Dawson gives mowers new life

Published 12:17 pm Wednesday, January 24, 2018

Roger “Red” Dawson, of Victoria, has a special gift.

He has the ability to take a machine apart, the type of machines many would write off as broken or for the next dumpster trip, and put it back together better than ever.

His machine of choice? Lawnmowers.

Dawson sets up shop behind A&J produce along Victoria’s Main Street, where he keeps between seven to eight lawnmowers. He’s currently tinkering on a 38-inch cut riding mower with 12.5 horsepower. He used that same lawnmower to compete in a mower race during Autumn Days back in October.

Dawson has been able to increase the speed of a typical riding mower “from a slow crawl to 30 miles per hour.”

His secret?

“I took the pulleys and swapped them around,” Dawson said.

Dawson, 54, helps out at the A&J produce shop in between working on mowers. A stone’s throw away from the shop is the home where he grew up, and the workshop he used to keep his supplies.

While the properties have aged, Dawson has fresh memories of how his childhood home have spurred on his love and knack for mechanics.

He said one of his first lawn mower projects was taking a faulty lawnmower off of his friend’s hands.

Dawson said bolts on the lawn mower frame were loose. After repairing the bolts, fixing the interior and exterior of the mower and waxing the exterior, he ended up selling the lawnmower for $400.

Because Dawson had many of the supplies he needed on hand, he said he only spent about 11 cents in repairing the mower.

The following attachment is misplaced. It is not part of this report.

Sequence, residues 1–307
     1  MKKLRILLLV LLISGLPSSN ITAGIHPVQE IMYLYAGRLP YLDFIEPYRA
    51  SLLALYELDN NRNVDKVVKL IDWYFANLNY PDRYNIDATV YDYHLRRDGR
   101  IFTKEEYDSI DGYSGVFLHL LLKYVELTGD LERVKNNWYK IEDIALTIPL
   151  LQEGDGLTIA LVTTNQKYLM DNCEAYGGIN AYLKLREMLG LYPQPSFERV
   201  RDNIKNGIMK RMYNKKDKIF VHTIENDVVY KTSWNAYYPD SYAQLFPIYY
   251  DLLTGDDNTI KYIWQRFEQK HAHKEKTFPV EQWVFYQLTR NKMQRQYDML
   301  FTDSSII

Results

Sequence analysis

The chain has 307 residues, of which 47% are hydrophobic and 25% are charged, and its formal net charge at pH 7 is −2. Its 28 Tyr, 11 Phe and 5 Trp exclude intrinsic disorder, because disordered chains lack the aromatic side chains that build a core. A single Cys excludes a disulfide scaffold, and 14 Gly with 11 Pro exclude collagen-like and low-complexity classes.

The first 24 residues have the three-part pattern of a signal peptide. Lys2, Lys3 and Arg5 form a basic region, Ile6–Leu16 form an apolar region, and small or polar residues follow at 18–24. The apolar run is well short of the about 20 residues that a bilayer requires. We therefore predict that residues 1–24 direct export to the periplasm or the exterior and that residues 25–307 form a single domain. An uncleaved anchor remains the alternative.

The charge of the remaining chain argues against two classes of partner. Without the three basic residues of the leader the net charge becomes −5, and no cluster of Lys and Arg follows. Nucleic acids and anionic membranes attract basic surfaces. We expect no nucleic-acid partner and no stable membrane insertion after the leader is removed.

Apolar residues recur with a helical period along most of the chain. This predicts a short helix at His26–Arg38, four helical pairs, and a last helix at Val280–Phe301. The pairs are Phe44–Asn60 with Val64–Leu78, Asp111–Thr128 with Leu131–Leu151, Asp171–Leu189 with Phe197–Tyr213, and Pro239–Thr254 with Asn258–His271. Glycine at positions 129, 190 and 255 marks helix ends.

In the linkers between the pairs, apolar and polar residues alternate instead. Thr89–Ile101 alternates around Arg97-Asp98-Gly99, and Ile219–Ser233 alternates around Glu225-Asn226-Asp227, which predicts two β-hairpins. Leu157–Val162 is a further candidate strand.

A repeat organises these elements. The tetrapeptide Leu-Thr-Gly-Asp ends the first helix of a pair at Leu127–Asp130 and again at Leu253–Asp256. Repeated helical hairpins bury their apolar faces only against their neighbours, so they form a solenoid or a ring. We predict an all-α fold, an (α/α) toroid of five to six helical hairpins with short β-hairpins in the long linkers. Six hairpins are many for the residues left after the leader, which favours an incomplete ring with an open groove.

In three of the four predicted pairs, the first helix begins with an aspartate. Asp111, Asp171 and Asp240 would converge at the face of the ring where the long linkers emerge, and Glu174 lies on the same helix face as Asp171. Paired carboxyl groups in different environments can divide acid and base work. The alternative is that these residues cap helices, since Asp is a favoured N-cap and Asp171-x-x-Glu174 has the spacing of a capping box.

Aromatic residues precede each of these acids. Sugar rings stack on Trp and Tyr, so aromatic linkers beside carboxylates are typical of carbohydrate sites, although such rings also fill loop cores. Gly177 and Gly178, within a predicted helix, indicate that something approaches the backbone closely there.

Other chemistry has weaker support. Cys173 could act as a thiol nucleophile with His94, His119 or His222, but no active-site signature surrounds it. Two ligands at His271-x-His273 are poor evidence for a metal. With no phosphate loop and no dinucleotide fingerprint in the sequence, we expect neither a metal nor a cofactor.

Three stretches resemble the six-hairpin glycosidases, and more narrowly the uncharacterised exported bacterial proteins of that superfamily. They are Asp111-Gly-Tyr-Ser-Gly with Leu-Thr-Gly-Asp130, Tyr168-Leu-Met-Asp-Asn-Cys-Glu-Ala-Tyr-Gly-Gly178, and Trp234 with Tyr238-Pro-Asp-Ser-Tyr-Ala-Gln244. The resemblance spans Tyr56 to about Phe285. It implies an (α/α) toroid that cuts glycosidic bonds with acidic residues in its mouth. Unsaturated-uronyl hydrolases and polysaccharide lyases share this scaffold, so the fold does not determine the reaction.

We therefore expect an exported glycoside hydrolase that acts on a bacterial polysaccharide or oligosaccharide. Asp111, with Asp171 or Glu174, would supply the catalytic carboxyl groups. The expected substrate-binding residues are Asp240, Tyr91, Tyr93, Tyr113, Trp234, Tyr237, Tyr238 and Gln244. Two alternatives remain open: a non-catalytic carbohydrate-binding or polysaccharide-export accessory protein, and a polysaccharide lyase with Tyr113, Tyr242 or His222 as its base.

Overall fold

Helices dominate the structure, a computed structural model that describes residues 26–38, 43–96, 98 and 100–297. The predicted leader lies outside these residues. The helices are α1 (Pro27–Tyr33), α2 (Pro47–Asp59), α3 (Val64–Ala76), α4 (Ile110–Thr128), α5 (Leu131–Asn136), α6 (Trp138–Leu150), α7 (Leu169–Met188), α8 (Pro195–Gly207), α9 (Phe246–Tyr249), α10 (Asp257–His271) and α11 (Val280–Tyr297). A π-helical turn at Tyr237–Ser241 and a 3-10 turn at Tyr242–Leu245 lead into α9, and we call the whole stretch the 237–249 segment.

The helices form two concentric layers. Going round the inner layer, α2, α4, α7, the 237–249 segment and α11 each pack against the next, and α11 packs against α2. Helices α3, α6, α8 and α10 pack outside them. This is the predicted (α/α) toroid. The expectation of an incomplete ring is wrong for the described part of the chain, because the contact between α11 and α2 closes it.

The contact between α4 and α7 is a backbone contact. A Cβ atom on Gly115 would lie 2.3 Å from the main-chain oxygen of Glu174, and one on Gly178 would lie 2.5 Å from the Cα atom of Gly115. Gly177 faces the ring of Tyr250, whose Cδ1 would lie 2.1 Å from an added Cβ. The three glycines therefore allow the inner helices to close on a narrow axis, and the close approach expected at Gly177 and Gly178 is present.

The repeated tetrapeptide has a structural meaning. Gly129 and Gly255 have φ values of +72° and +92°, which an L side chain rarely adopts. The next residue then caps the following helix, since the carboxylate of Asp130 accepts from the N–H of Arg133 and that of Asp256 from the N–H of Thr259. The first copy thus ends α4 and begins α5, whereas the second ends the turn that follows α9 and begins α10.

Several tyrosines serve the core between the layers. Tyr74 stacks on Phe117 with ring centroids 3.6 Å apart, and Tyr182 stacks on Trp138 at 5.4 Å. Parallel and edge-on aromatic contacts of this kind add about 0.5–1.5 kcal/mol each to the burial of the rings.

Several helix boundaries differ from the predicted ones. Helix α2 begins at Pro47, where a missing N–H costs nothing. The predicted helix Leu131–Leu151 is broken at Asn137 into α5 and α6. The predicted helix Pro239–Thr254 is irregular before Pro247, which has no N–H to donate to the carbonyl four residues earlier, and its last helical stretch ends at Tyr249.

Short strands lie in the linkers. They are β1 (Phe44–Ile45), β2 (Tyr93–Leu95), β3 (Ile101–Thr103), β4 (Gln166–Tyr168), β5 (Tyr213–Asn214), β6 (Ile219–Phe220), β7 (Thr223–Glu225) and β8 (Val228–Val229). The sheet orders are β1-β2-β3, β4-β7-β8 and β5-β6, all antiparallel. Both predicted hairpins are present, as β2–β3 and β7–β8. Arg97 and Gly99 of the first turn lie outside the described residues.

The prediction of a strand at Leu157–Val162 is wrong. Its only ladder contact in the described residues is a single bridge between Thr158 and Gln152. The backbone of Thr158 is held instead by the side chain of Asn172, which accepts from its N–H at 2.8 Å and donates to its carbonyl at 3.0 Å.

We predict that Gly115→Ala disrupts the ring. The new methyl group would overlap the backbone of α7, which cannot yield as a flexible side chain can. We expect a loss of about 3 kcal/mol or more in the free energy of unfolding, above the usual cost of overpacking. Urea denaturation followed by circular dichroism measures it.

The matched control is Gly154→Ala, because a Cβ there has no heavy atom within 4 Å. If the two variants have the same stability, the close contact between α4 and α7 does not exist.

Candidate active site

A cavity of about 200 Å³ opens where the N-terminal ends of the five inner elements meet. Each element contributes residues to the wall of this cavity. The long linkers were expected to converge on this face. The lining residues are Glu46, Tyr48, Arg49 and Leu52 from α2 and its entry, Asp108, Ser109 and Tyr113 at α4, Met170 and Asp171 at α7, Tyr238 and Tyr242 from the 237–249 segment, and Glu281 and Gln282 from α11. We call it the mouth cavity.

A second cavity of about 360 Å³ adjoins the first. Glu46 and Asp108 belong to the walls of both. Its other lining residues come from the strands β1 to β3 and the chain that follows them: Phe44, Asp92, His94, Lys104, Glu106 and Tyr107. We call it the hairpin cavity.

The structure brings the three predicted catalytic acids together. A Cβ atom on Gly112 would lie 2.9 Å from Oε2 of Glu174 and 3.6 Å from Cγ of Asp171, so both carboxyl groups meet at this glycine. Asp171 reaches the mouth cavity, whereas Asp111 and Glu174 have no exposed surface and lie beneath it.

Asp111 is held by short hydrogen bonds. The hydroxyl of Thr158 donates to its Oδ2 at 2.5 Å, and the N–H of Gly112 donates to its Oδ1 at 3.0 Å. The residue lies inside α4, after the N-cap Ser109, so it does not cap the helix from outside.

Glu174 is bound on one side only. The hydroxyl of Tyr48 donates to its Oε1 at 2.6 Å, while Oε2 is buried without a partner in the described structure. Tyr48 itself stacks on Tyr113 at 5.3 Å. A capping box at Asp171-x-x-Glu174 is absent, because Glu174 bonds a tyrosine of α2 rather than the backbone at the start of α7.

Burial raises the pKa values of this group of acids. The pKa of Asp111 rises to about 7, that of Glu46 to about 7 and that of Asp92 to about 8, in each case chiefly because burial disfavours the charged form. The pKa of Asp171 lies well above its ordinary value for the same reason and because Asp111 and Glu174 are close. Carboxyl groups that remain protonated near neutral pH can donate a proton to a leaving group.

He said people in the community have enlisted his help in repairing their lawn mowers when needed, but what’s more extraordinary is that Dawson said he taught himself how to fix them.

But it’s not all work. Dawson’s handiwork has been on display at the Autumn Days event, the Christmas parades in Kenbridge and Victoria, and even sported a few custom riding mowers at the South Hill Christmas Parade.

Dawson’s goal moving forward is to clean the area, take mowers away that he won’t use, finish work on the 38-inch cut mower and perhaps get to work on a John Deere model a friend had given him.

He said persistent health problems prompts him to have dialysis treatments three times a week, and being on social security, he said he currently does not accept payment for his mowing work.

Dawson described working on the mowers as something he enjoys doing for the community, and enjoys doing for himself.

“(It’s) having fun and relaxation at the same time,” Dawson said about tinkering on the lawn mowers. “It kind of relaxes me.”